Thai Hot and Sour Chicken Soup Recipe

A Flexible Feast

Let’s talk about the magic of this Thai Hot & Sour Chicken Soup, especially when it comes to those hard-to-find ingredients. You know, those special touches that make Thai cuisine so unique. But hey, not everyone has an Asian market around the corner, and that’s perfectly okay! I’ve got your back with a nifty little trick that’ll still bring those citrusy notes to life in your soup.

Picture this: you’re about to squeeze a fresh lime for that zesty juice that’s going to brighten up your soup. But wait – let’s not overlook the lime’s skin. Before you slice that lime in half, take a vegetable peeler and peel off some long, fragrant strips of lime skin. These peels are little powerhouses of flavor! Give them a gentle squeeze or a twist between your fingers to coax out those fragrant oils. They’re a fantastic stand-in for the elusive lemongrass and kaffir lime leaves. This little trick turns your soup from ordinary to extraordinary with ingredients you probably already have!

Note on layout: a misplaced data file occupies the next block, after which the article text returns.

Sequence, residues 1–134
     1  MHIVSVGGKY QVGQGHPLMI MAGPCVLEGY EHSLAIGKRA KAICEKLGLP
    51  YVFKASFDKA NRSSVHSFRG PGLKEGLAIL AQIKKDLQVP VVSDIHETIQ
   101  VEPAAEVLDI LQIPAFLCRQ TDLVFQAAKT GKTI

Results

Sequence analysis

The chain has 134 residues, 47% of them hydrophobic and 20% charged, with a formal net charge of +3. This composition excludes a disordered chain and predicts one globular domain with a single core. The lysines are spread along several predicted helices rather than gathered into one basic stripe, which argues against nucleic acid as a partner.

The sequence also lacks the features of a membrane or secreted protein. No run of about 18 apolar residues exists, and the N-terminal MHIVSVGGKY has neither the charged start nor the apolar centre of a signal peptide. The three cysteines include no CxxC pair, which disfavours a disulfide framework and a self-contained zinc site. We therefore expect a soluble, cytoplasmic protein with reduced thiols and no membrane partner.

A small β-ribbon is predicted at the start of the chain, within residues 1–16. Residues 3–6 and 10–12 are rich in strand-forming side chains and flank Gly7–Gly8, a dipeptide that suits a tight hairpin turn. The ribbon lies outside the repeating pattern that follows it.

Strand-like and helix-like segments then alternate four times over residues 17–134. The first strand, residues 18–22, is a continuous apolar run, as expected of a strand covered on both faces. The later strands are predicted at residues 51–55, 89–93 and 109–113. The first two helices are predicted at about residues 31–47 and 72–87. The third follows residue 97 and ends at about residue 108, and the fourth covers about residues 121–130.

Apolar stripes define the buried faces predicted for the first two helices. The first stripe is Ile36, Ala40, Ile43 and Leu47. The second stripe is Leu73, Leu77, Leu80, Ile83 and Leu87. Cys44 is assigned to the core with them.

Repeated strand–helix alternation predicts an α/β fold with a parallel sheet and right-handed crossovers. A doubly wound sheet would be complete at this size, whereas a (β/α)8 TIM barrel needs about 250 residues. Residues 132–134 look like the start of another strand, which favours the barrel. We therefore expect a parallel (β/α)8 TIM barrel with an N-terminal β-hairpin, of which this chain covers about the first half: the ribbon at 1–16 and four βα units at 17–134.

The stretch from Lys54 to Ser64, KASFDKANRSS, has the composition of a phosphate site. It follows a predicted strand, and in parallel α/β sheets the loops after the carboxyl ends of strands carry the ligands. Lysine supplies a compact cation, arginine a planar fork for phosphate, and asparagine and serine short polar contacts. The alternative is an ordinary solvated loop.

And let’s not forget about the heat – the chile slices. Remember, the more you add and the longer you let them hang out in the broth, the spicier your soup will get. It’s like a customizable thermostat for your soup! Want it milder? Go easy on the chile. Feeling adventurous? Let those chiles steep and bring the heat.